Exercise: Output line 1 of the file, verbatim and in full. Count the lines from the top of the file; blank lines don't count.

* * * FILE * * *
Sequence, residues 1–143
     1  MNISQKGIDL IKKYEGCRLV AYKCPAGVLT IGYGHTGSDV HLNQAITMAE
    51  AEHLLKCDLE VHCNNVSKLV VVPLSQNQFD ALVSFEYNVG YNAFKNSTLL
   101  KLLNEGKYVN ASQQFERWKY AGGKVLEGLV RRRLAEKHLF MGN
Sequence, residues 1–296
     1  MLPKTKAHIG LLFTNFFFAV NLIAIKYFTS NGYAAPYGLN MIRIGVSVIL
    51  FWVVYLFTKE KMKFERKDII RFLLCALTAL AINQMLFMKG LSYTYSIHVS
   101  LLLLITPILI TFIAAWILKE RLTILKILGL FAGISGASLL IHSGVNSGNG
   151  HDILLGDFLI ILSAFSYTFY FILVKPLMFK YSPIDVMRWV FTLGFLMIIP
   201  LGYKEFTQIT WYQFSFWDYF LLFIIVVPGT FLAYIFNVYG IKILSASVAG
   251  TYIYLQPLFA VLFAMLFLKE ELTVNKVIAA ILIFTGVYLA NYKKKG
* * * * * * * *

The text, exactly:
Sequence, residues 1–143